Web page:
The growing restaurant delivery industry could also face regulatory challenges in the near future. In 2016, the Texas Restaurant Association said regulations may be necessary to address things like food safety, liability for bad delivery, and intellectual property violations. A bill being floated in California (AB-1461), addresses food delivery enterprises and could potentially require drivers to obtain a food handler card.
If [a driver] doesn’t maintain the proper temperatures, food can become contaminated and that creates the potential for foodborne illnesses.” —Tom Metzner, vice president, senior loss control consultant, Lockton
Regardless, AmWINS’ Managing Director Keith George said the issue is coming to the forefront as more restaurants offer delivery services.
He said both restaurants and their contract drivers should have their own insurance policies in place.
In the case of UberEATS, where a driver may be delivering for multiple restaurants in the area at the same time, determination of liability in court could be foggy.
“Could the restaurant owner be drawn into a claim if the delivery driver was happening to deliver their product at that particular time [during] the accident? Sure, I think a creative attorney could argue that,” said George.
Carrying Complex Risks
More restaurants are also using food trucks as a means to bring their culinary creations to events and high traffic areas. “Mobile Cuisine” magazine reports that in 2015, 4,130 food trucks pulled in $1.2 billion in revenues nationwide.
Food trucks house complex risks because they add all the components of a restaurant to a moving vehicle that often operates on someone else’s property. Denny Christner, consultant and sales manager at Brown & Brown Insurance, operates the company’s affiliate Insure My Food Truck.
Christner said his company started writing these policies specifically for food trucks in the Bay Area in 2012 and has since gone nationwide; with more than 900 accounts.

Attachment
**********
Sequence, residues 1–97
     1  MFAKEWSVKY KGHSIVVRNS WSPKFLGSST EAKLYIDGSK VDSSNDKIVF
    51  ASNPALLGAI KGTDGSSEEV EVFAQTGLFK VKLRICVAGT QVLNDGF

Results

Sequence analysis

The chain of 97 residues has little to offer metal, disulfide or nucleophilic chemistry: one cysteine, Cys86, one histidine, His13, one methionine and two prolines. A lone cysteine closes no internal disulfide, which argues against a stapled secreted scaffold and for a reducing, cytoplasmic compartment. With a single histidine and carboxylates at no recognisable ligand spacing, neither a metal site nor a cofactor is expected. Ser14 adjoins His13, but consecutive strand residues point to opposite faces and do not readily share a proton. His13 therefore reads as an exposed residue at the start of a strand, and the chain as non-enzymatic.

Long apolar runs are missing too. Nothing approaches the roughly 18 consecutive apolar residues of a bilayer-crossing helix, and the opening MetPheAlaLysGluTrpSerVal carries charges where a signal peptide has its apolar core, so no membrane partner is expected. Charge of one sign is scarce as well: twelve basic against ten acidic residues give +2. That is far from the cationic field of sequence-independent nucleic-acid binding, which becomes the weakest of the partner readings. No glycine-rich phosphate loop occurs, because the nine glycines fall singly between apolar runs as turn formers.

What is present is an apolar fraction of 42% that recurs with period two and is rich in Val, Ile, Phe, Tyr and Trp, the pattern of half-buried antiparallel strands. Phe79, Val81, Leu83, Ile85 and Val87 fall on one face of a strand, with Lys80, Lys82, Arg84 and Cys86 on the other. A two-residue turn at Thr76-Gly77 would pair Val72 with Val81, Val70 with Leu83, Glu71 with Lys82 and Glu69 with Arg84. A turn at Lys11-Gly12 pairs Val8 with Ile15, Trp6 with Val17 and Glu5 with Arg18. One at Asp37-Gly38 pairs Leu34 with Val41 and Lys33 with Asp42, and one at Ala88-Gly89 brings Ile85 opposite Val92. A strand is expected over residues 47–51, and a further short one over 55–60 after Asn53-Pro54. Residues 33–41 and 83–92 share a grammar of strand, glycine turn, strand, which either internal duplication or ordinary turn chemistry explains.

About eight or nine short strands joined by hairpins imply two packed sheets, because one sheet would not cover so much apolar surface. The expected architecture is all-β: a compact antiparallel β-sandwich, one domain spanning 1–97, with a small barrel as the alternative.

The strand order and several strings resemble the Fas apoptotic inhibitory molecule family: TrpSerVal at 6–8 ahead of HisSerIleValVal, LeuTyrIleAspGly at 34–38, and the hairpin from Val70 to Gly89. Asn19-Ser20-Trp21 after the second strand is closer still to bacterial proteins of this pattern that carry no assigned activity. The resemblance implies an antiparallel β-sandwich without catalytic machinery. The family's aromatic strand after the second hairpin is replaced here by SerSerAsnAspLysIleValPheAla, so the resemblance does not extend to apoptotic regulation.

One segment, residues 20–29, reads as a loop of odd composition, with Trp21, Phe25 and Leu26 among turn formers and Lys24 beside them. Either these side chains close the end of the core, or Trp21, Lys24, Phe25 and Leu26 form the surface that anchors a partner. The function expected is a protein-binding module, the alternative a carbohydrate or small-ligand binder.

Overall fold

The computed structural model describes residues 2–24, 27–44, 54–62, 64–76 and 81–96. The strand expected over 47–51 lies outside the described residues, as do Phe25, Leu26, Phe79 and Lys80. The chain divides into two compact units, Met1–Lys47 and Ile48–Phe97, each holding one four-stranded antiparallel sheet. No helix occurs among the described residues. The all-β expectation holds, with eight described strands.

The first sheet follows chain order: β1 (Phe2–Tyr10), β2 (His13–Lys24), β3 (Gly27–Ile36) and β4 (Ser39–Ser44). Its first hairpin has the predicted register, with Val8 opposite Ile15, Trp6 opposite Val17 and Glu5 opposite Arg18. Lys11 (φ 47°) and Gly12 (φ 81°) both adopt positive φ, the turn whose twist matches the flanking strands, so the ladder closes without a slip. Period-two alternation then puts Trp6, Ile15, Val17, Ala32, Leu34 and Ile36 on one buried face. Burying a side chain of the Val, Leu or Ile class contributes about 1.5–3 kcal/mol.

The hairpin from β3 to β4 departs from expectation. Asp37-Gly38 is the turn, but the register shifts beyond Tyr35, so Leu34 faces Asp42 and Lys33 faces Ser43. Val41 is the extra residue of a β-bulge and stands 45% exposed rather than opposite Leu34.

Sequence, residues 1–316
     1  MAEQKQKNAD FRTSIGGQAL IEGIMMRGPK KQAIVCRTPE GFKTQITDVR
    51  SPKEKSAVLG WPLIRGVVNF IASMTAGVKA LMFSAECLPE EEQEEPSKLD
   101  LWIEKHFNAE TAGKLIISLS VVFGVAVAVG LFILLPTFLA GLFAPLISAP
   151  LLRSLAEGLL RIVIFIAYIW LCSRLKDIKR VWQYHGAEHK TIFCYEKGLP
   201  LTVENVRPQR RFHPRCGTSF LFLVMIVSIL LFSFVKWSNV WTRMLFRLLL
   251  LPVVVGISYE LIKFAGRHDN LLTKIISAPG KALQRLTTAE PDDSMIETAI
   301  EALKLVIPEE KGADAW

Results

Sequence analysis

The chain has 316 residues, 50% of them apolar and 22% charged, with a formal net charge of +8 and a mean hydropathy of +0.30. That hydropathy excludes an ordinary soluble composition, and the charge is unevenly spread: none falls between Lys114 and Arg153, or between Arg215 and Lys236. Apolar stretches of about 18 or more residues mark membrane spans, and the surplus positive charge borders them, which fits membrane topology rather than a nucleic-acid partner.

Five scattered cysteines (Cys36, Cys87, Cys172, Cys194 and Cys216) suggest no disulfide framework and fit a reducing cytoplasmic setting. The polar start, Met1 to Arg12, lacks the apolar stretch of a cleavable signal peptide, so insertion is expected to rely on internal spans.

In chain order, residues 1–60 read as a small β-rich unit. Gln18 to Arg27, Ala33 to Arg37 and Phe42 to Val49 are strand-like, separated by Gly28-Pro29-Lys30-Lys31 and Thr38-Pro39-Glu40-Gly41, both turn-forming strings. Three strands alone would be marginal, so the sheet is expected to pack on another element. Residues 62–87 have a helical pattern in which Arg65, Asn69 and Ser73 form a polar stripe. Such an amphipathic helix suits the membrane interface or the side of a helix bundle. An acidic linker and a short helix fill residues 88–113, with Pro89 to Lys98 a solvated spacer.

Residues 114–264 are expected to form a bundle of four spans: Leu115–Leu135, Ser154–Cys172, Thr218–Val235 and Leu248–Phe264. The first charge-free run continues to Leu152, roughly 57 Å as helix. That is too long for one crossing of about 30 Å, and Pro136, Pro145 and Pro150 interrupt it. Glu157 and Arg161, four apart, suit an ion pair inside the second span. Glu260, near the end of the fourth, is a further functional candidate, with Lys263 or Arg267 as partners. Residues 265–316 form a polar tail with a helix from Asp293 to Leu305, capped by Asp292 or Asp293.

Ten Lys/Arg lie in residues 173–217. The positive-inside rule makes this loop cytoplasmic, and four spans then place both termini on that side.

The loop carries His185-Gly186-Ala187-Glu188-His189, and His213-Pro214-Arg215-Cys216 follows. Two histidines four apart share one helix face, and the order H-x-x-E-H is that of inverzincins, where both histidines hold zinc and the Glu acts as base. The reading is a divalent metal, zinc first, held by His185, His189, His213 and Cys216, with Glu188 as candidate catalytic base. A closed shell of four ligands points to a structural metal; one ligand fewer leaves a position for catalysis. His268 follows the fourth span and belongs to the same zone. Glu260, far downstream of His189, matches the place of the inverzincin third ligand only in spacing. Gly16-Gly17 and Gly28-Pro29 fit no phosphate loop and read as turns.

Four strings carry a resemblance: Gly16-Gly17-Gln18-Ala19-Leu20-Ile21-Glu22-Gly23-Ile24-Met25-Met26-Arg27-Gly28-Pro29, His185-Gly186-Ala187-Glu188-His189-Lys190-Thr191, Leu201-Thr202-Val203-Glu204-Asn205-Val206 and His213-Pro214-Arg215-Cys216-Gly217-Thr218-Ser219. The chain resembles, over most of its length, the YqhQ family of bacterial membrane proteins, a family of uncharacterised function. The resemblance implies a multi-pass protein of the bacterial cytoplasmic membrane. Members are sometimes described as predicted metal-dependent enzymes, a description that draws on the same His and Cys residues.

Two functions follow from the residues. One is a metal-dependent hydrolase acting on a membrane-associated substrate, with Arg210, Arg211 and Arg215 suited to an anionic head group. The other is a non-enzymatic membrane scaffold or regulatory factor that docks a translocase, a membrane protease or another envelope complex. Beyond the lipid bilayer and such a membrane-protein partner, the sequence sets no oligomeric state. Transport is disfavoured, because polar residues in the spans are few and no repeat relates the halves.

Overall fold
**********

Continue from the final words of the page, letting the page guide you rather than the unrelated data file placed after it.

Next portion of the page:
“I like to use the analogy of, let’s say, a 6-ton truck carrying flammable propane to cook and to get around, and oils for their cooking. It’s definitely a dangerous scenario,” said Christner.
Because food trucks often operate on property that they don’t own, personal injury liability could come down to how an incident occurred and whether there was negligence on the part of the food truck operator.
While a tripping hazard could be the responsibility of the property owner, leaking oil or improper placement of the food truck could change the equation. Christner said most venues are growing aware of the issues and are requiring food trucks to carry their own general liability.
Insure My Food Truck offers packages that can include commercial auto, general liability, property, loss of business income and workers’ compensation.
“It’s often a mess when they get to us and we have to clean it up and get them the right coverage. Sometimes it’s more expensive and a hard pill to swallow but most savvy business owners understand that,” said Christner.
As mobile food solutions increase, more insurers are entering what has traditionally been considered a high-risk market. George said until recently there have been limited providers in the field due to high turnover of delivery employees; forcing insurers to frequently change their insured parties.
“The bottom line is that it tends to be more of a severity-driven risk versus a frequency risk,” said George. &